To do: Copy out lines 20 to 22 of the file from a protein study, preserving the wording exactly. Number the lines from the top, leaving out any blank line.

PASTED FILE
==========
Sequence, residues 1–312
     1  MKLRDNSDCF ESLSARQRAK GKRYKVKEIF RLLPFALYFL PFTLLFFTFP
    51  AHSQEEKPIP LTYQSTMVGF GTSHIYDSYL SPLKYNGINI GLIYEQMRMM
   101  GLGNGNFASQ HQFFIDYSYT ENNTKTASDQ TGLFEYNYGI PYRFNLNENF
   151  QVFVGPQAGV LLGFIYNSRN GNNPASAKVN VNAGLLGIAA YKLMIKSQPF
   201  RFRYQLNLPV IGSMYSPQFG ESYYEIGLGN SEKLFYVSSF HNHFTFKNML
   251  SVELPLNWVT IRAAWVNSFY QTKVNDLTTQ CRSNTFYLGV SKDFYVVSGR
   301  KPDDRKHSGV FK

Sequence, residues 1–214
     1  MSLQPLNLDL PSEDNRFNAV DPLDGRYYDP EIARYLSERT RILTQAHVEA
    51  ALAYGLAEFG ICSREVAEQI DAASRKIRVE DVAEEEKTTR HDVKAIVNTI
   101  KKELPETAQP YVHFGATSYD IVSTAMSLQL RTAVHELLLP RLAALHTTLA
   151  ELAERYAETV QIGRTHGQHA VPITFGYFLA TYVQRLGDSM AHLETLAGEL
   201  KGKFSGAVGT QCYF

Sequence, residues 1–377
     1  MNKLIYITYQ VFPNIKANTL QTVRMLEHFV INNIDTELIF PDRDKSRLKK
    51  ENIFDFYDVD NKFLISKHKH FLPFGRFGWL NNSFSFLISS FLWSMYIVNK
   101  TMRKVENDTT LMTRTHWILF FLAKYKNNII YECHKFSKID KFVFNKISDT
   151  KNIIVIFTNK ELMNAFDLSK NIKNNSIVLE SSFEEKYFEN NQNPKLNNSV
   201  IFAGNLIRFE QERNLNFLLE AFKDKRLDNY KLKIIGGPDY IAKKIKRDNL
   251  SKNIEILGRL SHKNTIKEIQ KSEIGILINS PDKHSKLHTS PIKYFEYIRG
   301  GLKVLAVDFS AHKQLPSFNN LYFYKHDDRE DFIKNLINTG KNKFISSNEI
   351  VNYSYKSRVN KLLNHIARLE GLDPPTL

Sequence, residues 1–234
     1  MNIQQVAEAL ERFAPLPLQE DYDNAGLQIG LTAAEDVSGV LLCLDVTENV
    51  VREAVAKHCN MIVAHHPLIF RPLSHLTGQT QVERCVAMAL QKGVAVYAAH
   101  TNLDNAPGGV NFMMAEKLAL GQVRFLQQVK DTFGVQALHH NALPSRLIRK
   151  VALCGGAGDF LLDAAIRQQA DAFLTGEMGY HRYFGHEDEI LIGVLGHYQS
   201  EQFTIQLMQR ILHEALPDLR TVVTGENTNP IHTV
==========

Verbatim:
   201  IFAGNLIRFE QERNLNFLLE AFKDKRLDNY KLKIIGGPDY IAKKIKRDNL
   251  SKNIEILGRL SHKNTIKEIQ KSEIGILINS PDKHSKLHTS PIKYFEYIRG
   301  GLKVLAVDFS AHKQLPSFNN LYFYKHDDRE DFIKNLINTG KNKFISSNEI